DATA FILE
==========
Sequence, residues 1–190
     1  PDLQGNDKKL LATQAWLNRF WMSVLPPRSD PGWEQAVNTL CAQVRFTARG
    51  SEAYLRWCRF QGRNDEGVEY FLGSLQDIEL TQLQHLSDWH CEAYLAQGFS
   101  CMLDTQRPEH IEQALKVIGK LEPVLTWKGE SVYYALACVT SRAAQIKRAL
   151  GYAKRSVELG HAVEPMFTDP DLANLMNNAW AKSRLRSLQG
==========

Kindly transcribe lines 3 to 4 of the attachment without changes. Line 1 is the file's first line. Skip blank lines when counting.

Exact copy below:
    51  SEAYLRWCRF QGRNDEGVEY FLGSLQDIEL TQLQHLSDWH CEAYLAQGFS
   101  CMLDTQRPEH IEQALKVIGK LEPVLTWKGE SVYYALACVT SRAAQIKRAL